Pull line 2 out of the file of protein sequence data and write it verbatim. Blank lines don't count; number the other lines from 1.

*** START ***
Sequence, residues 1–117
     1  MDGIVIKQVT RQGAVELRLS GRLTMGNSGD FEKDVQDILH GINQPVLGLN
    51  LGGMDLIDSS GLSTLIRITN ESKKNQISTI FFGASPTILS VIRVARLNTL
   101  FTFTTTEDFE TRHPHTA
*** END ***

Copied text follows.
     1  MDGIVIKQVT RQGAVELRLS GRLTMGNSGD FEKDVQDILH GINQPVLGLN